EIA and 40 other NGOs urge the EU to strengthen action on illegal logging and deforestation

EIA has joined with more than 40 global NGOs to call on the European Union (EU) to do more to halt illegal logging and commodity-driven deforestation elsewhere in the world.

The Raising the Bar statement comes ahead of a proposed new EU regulation on deforestation, expected in June, and amid concerns that the EU is looking to weaken key aspects of its flagship initiative to tackle illegal logging.

In 2003, the EU adopted an innovative strategy to tackle the root causes of illegal logging – the Forest Law Enforcement, Governance and Trade (FLEGT) Action Plan, which combines a unique mix of demand-and-supply side measures.Under FLEGT, producer countries have invested time, energy and resources to clean up their forestry sectors and have achieved important successes in terms of addressing the underlying causes of illegal logging. This includes improving governance, securing community rights, legal reforms and better enforcement.

Papua, Indonesia (c) EIA

Indonesia has been a leader in this regard; in 2013, it became the first country to sign a legally binding trade agreement on illegal logging with the EU– known as a Voluntary Partnership Agreement (VPA) – and was the first to achieve FLEGT licensing in 2016, with the EU recognising the country’s timber legality system.

However, in February the EU suggested it may ditch FLEGT licensing due to a lack of evidence that VPAs had contributed to reduced illegal logging in partner countries.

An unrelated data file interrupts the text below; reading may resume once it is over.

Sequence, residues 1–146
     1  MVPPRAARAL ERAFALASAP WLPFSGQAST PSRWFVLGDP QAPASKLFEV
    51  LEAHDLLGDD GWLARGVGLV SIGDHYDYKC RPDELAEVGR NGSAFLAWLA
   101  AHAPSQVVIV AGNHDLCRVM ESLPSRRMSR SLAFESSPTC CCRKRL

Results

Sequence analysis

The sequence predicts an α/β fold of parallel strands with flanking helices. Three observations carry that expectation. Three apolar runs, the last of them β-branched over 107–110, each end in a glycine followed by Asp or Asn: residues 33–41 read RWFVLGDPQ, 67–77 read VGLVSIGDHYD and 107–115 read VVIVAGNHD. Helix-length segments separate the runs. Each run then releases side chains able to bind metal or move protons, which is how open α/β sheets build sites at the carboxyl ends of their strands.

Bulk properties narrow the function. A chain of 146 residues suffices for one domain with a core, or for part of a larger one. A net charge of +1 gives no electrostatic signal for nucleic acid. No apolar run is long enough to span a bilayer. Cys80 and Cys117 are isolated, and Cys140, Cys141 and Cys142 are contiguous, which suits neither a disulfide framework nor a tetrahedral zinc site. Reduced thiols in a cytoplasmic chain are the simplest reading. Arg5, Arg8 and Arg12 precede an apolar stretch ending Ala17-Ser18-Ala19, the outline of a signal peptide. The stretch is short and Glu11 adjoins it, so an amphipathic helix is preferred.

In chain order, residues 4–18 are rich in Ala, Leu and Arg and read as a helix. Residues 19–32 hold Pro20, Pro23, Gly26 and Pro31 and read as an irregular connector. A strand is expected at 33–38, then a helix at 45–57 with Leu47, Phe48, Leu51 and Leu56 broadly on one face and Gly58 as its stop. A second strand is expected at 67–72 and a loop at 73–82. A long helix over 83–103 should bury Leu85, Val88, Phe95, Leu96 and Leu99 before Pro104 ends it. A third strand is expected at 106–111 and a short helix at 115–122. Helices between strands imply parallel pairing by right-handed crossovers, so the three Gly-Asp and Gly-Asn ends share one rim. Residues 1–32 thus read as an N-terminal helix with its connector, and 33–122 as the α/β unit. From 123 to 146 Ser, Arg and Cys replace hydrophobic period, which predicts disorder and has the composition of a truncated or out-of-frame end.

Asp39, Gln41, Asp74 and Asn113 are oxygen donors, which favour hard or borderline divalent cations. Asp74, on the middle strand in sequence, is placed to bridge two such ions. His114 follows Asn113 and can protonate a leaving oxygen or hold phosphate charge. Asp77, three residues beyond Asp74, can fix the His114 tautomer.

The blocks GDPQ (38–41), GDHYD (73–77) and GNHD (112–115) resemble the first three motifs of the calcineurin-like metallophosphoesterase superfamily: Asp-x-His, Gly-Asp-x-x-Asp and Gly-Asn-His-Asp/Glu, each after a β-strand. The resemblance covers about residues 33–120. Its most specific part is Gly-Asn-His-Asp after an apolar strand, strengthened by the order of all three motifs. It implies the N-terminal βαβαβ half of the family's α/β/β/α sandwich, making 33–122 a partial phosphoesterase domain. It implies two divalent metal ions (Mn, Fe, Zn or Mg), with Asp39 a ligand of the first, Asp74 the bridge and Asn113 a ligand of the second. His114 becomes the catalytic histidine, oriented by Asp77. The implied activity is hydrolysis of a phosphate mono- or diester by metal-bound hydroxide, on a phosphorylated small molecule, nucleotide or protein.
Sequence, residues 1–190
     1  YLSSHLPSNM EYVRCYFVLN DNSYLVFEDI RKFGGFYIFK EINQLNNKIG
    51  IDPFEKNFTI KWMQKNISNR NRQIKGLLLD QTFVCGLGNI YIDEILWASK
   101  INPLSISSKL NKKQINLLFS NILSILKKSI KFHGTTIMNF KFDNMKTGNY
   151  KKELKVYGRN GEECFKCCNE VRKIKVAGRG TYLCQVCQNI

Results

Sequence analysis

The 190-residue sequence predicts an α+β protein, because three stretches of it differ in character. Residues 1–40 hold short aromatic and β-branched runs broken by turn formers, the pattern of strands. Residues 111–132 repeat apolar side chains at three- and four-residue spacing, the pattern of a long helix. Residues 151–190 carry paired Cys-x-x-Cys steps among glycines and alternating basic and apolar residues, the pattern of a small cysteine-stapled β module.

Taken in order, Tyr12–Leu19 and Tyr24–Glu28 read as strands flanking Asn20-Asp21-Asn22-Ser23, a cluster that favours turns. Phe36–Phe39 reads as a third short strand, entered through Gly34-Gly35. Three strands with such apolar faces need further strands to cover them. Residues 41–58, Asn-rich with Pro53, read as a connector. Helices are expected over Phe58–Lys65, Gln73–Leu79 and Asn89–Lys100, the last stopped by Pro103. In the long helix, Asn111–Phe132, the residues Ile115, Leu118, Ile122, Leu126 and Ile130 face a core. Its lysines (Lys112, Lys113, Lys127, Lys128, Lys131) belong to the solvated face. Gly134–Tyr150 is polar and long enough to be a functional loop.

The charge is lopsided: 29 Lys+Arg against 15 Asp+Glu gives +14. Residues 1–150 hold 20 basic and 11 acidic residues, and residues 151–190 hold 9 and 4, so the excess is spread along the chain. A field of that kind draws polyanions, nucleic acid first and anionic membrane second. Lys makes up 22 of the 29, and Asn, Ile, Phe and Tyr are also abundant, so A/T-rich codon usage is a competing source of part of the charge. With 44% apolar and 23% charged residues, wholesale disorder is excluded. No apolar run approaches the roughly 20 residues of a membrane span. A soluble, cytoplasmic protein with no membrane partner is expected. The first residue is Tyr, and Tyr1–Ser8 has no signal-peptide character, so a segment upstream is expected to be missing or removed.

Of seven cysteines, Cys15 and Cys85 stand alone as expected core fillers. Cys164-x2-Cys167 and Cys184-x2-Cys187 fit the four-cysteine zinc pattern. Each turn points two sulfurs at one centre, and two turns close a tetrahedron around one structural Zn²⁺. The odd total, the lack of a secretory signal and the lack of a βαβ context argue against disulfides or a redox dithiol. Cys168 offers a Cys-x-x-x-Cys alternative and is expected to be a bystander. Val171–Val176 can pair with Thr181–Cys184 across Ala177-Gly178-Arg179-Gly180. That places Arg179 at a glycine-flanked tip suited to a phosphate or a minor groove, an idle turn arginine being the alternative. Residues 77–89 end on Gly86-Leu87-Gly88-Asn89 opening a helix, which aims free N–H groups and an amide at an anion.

This is despite studies telling a different story. Ten years ago, more than 80 per cent of the timber in Indonesia was thought to be illegal, compared to 30 per cent in 2015. Most recently, VPAs have been shown to have positively contributed to reducing illegal logging, ensuring local communities and indigenous peoples have a voice in decisions and providing better legal frameworks, among other impacts.The EU soon to propose a new regulation to address its role in commodity-driven deforestation and partnerships, with support for forested countries, will be vital in achieving this. Partnerships are needed to address the root causes of deforestation, support national processes and create systemic changes that will have long-lasting effects.

Oil palm plantation on deforested land in Papua, Indonesia

Oil palm plantation, Indonesia (c) EIA

This is why we and more than 40 NGOs are calling for the EU to strengthen its existing partnerships on illegal logging and look to enact new partnership approaches in the future, with three key recommendations:

  • use the FLEGT Fitness Check to strengthen the FLEGT Action Plan and the EU Timber Regulation and address the persistent obstacles hampering their effective implementation;
  • maintain the integrity of the VPAs and provide tailored support to VPA countries, ensuring civil society organisations, local communities and indigenous groups are able to participate;
  • develop ambitious, inclusive, and rights-based forest partnerships that respond to the partner countries’ needs.

Deforestation cannot be addressed by a single regulatory instrument set within the EU – to achieve clear results, partnerships with producing countries must be enacted to provide support and to respond to partner countries’ needs and priorities.